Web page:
The Dispatch, a US-based news outlet and member of the International Fact-Checking Network, published a article on Nov. 16 scrutinising claims that “All ICU patients at Al Shifa Hospital had died” amidst IDF military activity in the area, an allegation which had spreading rapidly across social media platforms last week. The Dispatch noted that Omar Suleiman, an American Muslim scholar with 2.4 million followers on Instagram, was among those circulating the accusation.
The claim was also spread by Quds News Network—a prominent Palestinian ‘news’ site reportedly affiliated with Palestinian Islamic Jihad (PIJ). But, as early as Nov. 12, even they deleted their original X post and replaced it with a post saying that “two people had died” in the hospitals ICU – without attributing a specific reason for their deaths.
#BREAKING| Director of Al-Shifa Medical Complex told Al-Arabi TV: “Two patients were martyred in intensive care, but not everyone was martyred. If the catastrophic situation continues as it is, all intensive care patients will die, and dialysis patients may die tomorrow due to… pic.twitter.com/va0keiTPiT
— Quds News Network (@QudsNen) November 12, 2023
Yet, five days after the PIJ affiliated outlet retracted their original claim, Barry Malone, Deputy Editor-In-Chief of Thomas Reuters Foundation, posted that false information – a post, which you can see below, includes a community note explaining that Al Jazeera wasn’t in fact reporting that “all patients in the hospital’s ICU are now dead”, that included a graphic attributing their death to an IDF raid.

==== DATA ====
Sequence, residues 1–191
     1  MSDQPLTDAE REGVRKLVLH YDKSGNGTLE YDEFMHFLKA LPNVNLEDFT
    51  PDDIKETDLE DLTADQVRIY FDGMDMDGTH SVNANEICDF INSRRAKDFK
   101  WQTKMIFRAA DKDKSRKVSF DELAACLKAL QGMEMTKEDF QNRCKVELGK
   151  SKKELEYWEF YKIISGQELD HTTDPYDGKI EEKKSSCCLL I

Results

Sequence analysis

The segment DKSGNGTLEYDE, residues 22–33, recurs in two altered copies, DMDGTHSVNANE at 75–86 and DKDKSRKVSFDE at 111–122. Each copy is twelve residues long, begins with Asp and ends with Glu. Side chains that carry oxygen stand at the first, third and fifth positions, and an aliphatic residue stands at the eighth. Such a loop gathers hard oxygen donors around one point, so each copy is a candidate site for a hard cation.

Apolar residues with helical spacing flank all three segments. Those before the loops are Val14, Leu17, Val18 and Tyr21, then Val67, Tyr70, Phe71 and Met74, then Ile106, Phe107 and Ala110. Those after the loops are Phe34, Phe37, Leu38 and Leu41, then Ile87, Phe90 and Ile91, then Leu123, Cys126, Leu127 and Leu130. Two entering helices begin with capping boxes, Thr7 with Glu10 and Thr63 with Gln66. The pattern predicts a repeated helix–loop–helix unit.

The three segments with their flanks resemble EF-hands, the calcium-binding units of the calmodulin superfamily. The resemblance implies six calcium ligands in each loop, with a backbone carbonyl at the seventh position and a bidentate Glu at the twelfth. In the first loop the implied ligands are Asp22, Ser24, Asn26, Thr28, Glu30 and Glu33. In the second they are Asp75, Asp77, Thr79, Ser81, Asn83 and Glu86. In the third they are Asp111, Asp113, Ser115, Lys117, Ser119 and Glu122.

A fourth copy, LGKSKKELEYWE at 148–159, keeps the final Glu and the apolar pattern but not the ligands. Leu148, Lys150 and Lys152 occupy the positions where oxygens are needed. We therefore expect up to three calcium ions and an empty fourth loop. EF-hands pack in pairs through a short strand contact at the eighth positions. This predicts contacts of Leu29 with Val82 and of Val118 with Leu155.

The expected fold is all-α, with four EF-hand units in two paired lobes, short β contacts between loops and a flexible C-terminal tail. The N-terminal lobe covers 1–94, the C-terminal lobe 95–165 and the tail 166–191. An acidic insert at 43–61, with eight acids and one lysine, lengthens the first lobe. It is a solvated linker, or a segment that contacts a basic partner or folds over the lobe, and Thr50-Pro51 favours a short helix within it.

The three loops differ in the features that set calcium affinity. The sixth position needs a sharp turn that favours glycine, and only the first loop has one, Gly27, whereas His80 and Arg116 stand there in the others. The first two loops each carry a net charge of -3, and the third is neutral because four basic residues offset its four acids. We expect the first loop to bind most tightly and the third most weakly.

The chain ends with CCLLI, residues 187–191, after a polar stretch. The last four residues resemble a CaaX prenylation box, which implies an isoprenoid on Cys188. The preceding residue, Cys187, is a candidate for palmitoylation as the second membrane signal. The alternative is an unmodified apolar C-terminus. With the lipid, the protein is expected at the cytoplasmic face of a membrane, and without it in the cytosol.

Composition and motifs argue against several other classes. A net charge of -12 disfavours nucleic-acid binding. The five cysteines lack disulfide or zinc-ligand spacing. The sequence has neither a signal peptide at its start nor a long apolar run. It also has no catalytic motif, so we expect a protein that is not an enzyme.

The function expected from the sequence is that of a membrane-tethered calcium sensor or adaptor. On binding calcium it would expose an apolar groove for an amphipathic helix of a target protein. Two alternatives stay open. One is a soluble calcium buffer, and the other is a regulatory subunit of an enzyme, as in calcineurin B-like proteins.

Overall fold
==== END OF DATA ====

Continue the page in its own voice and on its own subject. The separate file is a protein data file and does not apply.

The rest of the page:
Al Jazeera reporting, per Al-Shifa Director Muhammed Abu Salmiya, that all patients in the hospital's ICU are now dead. pic.twitter.com/47LuGyZLb1
— Barry Malone (@malonebarry) November 17, 2023
Later that day, Jane Ferguson, a journalist with the US public broadcaster PBS, quote posted Malone’s post, with the words “Appalling reports coming out of Al Shifa of ICU patients that have been allowed to die”.
Appalling reports coming out of Al Shifa of ICU patients that have been allowed to die…. https://t.co/U34w1NEjD7
— Jane Ferguson (@JaneFerguson5) November 17, 2023
Ferguson’s post was reposted that same day by Sky News journalist Mark Stone (the network’s former Middle East correspondent), again five days after even Al-Quds largely retracted their allegations.
This misinformation – which Stone post to his 73,500 X followers – is not a one-off. If you scroll through his posts, you’ll see obsessive critical scrutiny and criticism of Israel and almost nothing expressing outrage over, or questioning the claims of, Hamas, the Islamist terror group which carried out the worst antisemitic massacre since the Holocaust.
We’ve called on Stone to immediately delete the post.